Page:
Origin shares slide from the opening of trade this week.
The post Origin (ASX:ORG) share price slides amid moves into green hydrogen appeared first on The Motley Fool Australia. –
The Origin Energy Ltd (ASX: ORG) share price has stepped into the red from the opening of trade on Monday.
Origin shares are now exchanging hands at $4.365 apiece, a slight dip into the red from the market open.
Let’s take a closer look at what’s at play here.
What’s up with the Origin Energy share price today?
Origin Energy’s share price is on the move despite there being no market-sensitive news for the company today.
However, one factor that could be weighing in is the company’s continued push into renewables, specifically green hydrogen.
It’s a funny-sounding name – “green hydrogen” – but it simply refers to hydrogen fuel made from renewable energy instead of fossil fuels.
For those interested in the technical side, it is hydrogen fuel obtained from the electrolysis of water where electricity is generated through low carbon/renewable sources. Obtaining hydrogen this way supposedly only leaves oxygen as the by-product, versus other nasty wastes.
The end product, along with its derivatives, is then used for things like electricity and transportation fuel.
Origin’s play comes amid a wave of interest from ASX resources names in developing green commodities.
Zooming out, it’s clear the wider trend has seen ASX energy and resource companies divesting and/or pivoting away from fossil fuels, re-investing instead into renewable energy solutions.
This appears to be related to a combination of government mandated actions and in alignment with the Paris Agreement on Climate Change.
Strengths in the broader commodity markets in 2020–21 have lead to resource and energy companies generating high margins and equally as high cash flow over FY20–21. As such, they have free cash on the books ready to spend.
So, in a bit of a paradox, the recent trend of ASX energy and resource companies investing heavily into renewables is somewhat fuelled by strengths in underlying “fossil fuels” commodity markets.
What does all this mean for Origin Energy’s share price?
Origin commenced a $3.2 million feasibility study into building an “export scale green hydrogen and ammonia plant” in Tasmania back in November 2020.
Origin’s proposal indicates it will produce green hydrogen in Bell Bay, Tasmania, from “sustainable water using sustainable energy”.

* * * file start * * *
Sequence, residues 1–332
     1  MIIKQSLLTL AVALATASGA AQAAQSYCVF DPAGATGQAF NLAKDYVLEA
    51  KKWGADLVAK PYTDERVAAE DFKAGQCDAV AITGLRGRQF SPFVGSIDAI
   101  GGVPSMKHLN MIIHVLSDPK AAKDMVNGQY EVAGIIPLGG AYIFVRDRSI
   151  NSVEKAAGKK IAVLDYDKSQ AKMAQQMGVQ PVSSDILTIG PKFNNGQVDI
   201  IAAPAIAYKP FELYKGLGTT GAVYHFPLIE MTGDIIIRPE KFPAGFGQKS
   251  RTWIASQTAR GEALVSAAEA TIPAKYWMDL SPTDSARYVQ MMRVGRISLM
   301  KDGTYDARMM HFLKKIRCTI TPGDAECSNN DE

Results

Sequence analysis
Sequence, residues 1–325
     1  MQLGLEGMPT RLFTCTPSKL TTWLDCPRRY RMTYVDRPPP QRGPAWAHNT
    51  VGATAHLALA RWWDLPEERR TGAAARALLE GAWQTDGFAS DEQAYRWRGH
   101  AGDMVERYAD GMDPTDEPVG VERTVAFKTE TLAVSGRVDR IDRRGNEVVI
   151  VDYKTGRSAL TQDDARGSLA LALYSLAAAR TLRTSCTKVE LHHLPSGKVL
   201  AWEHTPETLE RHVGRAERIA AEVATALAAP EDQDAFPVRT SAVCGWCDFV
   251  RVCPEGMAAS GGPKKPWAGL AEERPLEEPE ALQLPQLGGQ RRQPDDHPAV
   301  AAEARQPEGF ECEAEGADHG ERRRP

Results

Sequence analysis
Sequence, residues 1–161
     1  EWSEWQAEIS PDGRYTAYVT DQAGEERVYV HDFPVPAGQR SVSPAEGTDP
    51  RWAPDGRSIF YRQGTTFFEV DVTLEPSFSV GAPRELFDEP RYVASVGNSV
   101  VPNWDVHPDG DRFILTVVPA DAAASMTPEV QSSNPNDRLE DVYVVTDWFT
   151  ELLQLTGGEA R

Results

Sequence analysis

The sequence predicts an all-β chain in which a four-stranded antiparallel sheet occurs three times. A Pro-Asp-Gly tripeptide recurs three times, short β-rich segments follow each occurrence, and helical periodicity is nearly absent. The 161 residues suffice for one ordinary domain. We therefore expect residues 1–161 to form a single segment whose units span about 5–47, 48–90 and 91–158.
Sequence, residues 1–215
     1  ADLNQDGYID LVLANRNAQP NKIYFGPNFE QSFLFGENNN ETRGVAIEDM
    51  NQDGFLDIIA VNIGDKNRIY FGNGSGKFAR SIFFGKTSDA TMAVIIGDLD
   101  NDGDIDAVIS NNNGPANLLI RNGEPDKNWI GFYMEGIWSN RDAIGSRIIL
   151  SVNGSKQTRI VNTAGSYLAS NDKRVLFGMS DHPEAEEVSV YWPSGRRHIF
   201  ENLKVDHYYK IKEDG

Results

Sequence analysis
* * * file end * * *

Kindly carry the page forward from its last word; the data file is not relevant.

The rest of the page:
This hydrogen will then be processed with nitrogen to create “green ammonia” which Origin intends to sell for export.
The “greater than 500-megawatt plant” has a capacity to produce 420,000 tonnes of green ammonia each year and could cost up to $1 billion.
The feasibility study is nearing completion in December 2021 and Origin is gearing up to pull the levers on its Bell Bay venture, pending the study results.
Speaking to The Australian, Origin head of future fuels and growth, Tracey Boyes, said the company’s first steps into green hydrogen were “definitely about learning and not making a loss”. That sounds about right in business acumen terms.
Boyes expects with the “first few projects, (it) won’t be making millions of dollars”, acknowledging that Origin “wouldn’t be expecting as high a return at any rate” on the green projects.
However, Origin is seeing past the numbers in its step into renewables, with Boyes’ stating the reason hydrogen is interesting for the industry is “because of (its) decarbonisation in many ways”.
Origin Energy is gradually pivoting into renewable energy solutions, much like several of its ASX-listed energy and resource peers.
Origin’s push is into green hydrogen and ammonia. It has a feasibility study on a site in Tasmania that is nearing completion in December 2021. The outcomes of the study are yet to be heard.
This could have an impact on the Origin Energy share price, which has struggled this year to date and posted a loss of 8%.
Should you invest $1,000 in Origin Energy right now?
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The author Zach Bristow has no positions in any of the stocks mentioned. The Motley Fool Australia’s parent company Motley Fool Holdings Inc. has no position in any of the stocks mentioned. The Motley Fool Australia has no position in any of the stocks mentioned. The Motley Fool has a disclosure policy. This article contains general investment advice only (under AFSL 400691). Authorised by Bruce Jackson.